Electric car charging price – how much does it cost to charge an electric car?
The costs of charging an electric car vary – the type and speed of the charger also determine the fees. It can be from 0,22 to 0,67 EUR per 1 kWh. In the case of direct current, the prices are slightly higher, but in return you can count on a much shorter charging time. However, a certain limitation with many fast charging stations may be the limit on how long you can stay at the charger.
Exceeding it involves an increased fee. In view of the relatively high cost of using fast chargers, a better solution seems to be a home charger – in this case, the price of charging an electric car is about 0,21 EUR per 1 kWh, but only owners of single-family houses can afford such comfort. The alternative is a much slower charging of the car from a 230-volt outlet at the station. The price per 1 kWh will then be between 0,29 and 0,44 EUR.
Proven solutions for electromobility by Knauf Industries Automotive – increasing the range of electric cars
Knauf Automotive is a Knauf Group-owned manufacturer of components for the automotive industry. We use innovative materials in our projects, among which EPP, or foamed polypropylene, is particularly noteworthy. The cellular material is characterized by high impact resistance, while being extremely lightweight and having excellent thermal insulation. Due to its rich properties and easy formability, it often replaces hard plastic or sheet metal components in vehicle construction today. Thanks to the fact that its structure consists of 95% air, it allows us to produce components with the same properties, but with 50% less weight compared to those made of hard plastic. We manufacture high-performance solutions in the form of trunk fillings, door panels or car seats made of EPP, which not only do not increase the vehicle's own weight, but also guarantee maximum safety. This is because the foamed polypropylene does not disintegrate into pieces and returns to its original shape when the pressure stops. In addition to internal EPP car parts, we also offer lightweight and flexible foams for battery packs, which are excellent at cushioning cells from shocks and extreme temperatures. This prevents damage and increases battery life. The assortment of external EPP car parts includes highly durable bumpers or even entire front belt components, which are produced each time according to an individual design. Why should you bet on our products? The properties of the materials we use guarantee the expected performance and long life of vehicles, which is in line with the requirements of ecological design. Do not hesitate to contact us!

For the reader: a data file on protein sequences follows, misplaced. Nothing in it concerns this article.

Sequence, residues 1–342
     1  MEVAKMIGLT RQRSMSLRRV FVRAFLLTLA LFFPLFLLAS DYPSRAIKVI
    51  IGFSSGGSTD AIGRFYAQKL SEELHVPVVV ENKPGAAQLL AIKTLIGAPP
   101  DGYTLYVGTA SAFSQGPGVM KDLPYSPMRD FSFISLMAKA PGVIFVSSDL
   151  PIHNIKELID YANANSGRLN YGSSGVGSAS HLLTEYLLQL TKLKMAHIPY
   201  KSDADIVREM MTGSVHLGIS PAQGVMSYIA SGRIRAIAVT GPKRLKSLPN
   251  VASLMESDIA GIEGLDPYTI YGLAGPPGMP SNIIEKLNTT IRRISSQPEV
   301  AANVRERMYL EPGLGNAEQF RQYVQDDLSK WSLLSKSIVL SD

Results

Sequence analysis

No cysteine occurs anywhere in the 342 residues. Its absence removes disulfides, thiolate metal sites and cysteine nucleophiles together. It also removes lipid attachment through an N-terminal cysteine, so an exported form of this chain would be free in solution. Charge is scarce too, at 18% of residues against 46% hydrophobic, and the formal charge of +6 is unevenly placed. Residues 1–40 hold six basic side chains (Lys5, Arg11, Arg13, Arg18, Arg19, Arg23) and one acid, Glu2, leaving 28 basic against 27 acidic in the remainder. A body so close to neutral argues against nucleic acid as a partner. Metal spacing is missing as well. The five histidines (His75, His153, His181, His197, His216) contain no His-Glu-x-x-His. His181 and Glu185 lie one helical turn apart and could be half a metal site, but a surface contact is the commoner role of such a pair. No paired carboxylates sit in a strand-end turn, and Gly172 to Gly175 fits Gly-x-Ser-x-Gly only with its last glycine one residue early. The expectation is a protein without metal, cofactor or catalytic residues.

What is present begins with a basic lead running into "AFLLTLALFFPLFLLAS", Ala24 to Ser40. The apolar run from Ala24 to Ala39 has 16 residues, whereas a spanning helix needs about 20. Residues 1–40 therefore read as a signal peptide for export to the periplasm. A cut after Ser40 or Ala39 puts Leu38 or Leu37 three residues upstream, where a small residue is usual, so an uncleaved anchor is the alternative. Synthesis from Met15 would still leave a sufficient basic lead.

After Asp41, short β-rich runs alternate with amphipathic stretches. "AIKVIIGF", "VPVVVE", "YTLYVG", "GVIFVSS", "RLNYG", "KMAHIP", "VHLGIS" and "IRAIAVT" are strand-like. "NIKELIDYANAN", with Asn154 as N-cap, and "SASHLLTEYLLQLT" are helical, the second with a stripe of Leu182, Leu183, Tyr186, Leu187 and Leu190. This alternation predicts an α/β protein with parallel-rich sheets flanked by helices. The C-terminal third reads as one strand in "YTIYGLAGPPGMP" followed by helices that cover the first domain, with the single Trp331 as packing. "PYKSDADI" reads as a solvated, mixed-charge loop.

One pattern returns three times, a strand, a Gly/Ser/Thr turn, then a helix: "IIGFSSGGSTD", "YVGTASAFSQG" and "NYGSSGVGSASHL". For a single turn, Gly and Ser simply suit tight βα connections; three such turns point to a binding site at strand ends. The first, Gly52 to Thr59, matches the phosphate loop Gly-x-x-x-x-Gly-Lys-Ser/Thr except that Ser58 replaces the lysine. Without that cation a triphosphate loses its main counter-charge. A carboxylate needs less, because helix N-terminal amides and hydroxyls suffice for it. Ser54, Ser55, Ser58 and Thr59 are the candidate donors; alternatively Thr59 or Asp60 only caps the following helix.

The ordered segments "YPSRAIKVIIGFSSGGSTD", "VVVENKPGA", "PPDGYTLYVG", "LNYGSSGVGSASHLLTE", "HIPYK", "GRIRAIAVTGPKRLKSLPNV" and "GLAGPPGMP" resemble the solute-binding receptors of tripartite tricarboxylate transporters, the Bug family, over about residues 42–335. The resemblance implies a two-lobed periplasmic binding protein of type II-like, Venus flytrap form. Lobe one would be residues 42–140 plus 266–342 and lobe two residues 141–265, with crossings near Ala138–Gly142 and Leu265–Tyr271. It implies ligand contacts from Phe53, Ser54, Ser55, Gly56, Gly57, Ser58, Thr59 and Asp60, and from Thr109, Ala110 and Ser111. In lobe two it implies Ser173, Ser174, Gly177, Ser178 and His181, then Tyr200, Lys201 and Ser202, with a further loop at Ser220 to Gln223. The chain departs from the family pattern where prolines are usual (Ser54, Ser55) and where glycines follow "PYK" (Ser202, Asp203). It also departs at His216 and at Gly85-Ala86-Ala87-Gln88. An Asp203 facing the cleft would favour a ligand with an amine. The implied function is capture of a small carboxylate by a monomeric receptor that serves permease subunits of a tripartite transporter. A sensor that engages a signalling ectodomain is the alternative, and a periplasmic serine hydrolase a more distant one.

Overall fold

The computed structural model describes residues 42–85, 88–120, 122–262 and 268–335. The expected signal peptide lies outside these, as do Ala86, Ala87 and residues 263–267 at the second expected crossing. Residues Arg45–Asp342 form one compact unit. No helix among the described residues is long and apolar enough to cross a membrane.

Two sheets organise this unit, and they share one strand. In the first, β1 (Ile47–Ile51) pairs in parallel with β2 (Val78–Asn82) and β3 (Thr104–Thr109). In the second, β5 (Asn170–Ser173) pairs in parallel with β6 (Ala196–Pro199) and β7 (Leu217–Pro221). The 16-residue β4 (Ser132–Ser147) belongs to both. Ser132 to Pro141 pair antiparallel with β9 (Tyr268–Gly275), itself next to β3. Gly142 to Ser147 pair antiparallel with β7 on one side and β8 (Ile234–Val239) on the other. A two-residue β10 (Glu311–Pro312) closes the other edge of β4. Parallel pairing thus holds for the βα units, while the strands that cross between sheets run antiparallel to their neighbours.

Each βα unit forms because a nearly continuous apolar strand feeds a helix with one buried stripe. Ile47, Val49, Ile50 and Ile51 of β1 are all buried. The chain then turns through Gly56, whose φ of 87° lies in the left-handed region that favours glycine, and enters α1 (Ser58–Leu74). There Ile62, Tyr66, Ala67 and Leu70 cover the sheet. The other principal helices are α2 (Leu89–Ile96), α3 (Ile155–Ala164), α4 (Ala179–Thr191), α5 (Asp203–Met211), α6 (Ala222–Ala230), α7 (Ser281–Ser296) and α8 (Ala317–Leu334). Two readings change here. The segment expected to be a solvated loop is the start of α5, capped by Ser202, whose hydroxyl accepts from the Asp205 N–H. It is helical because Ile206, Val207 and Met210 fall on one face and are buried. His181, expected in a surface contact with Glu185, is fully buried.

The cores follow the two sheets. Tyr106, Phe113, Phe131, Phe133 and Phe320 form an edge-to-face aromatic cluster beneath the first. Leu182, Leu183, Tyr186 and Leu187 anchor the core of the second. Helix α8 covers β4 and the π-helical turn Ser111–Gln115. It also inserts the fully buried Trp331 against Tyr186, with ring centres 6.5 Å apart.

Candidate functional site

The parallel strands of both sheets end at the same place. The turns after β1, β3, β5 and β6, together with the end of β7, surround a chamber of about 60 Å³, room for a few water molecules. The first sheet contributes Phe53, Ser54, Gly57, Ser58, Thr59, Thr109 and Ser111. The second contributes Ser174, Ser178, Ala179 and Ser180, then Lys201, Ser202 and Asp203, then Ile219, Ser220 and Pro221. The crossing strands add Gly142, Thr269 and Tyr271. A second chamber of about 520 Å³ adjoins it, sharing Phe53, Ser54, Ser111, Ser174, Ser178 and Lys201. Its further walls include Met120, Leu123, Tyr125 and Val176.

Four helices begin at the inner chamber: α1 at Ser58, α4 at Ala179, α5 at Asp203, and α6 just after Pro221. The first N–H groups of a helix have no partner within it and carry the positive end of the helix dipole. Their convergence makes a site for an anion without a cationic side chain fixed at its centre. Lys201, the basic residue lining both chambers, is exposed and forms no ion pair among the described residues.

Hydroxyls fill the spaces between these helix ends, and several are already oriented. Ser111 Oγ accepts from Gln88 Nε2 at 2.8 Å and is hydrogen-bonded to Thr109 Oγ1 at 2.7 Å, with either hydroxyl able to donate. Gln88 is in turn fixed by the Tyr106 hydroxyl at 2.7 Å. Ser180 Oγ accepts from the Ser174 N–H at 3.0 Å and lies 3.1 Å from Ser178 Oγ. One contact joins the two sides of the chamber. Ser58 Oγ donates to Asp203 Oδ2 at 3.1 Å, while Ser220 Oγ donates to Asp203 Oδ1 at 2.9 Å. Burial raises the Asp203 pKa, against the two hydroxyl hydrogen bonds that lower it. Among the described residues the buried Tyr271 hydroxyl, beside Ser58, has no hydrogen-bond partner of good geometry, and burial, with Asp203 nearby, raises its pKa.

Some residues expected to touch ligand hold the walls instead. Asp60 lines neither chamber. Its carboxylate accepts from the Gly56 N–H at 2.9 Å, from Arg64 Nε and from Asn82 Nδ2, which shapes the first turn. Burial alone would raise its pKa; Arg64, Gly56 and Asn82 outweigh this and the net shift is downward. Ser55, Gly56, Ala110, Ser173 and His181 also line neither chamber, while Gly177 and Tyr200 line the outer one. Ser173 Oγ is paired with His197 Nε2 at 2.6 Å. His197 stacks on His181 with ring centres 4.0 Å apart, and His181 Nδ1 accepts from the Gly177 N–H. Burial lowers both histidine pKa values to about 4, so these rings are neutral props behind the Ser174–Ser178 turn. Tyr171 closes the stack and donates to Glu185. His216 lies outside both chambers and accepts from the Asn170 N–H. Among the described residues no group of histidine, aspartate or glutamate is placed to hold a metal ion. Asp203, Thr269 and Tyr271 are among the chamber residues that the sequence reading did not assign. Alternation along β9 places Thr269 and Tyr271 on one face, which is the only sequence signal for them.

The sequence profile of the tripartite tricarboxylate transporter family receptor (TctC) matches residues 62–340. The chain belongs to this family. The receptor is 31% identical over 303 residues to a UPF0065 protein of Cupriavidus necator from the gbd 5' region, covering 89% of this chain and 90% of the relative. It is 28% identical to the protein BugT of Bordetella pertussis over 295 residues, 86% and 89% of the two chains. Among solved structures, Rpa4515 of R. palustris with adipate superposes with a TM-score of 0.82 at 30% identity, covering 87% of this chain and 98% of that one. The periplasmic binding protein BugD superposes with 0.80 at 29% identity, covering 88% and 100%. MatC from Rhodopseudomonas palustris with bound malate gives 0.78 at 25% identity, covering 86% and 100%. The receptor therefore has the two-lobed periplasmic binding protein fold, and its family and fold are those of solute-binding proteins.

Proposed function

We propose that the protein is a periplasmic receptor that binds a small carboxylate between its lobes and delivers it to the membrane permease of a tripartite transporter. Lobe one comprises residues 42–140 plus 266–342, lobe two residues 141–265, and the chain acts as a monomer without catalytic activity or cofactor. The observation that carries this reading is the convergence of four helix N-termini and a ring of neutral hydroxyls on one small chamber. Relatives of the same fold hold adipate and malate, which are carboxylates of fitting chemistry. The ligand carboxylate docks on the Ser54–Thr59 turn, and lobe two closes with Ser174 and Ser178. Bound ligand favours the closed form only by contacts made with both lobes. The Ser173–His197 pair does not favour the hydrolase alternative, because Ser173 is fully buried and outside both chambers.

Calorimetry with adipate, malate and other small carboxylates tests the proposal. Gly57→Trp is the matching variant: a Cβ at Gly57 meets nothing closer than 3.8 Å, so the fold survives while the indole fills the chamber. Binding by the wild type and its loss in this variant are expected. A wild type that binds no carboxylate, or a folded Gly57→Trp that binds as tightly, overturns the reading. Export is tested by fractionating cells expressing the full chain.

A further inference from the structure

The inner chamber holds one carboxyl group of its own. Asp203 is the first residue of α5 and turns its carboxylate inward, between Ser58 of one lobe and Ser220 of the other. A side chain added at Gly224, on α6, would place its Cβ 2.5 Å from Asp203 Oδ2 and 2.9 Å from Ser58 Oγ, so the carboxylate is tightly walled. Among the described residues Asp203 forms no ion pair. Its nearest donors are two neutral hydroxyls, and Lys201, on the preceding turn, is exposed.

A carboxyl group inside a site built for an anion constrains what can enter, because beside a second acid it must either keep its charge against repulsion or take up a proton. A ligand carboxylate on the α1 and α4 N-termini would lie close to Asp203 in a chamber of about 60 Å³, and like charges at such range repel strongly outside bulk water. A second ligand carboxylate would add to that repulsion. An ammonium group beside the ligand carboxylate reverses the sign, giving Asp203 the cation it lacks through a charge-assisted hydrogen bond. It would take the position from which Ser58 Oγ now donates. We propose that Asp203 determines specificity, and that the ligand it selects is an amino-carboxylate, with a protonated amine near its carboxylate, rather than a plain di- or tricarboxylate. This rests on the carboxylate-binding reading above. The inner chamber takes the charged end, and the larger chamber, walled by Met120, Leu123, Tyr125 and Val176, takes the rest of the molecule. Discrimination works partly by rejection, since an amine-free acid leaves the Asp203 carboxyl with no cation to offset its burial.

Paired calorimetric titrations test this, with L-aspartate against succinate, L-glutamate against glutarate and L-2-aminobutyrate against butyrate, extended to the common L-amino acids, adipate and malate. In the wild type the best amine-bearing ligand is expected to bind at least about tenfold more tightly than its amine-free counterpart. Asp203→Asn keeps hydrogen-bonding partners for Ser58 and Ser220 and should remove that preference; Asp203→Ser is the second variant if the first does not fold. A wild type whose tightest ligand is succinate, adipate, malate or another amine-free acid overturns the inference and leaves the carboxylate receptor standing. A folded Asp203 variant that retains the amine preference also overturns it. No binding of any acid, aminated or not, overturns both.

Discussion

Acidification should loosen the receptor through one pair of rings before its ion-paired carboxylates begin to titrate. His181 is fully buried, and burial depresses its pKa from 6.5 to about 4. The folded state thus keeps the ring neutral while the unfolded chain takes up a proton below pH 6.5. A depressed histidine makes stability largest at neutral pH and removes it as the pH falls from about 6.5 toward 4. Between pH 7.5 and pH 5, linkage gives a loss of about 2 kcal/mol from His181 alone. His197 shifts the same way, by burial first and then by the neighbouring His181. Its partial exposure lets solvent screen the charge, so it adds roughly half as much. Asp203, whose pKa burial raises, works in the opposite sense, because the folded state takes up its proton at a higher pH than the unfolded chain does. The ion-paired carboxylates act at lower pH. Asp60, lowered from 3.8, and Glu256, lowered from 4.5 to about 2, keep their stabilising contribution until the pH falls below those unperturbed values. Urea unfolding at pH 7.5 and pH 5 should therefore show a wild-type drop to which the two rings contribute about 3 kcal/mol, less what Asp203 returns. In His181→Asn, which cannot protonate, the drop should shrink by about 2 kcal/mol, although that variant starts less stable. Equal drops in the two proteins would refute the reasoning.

See also: Plastics and the future of electric cars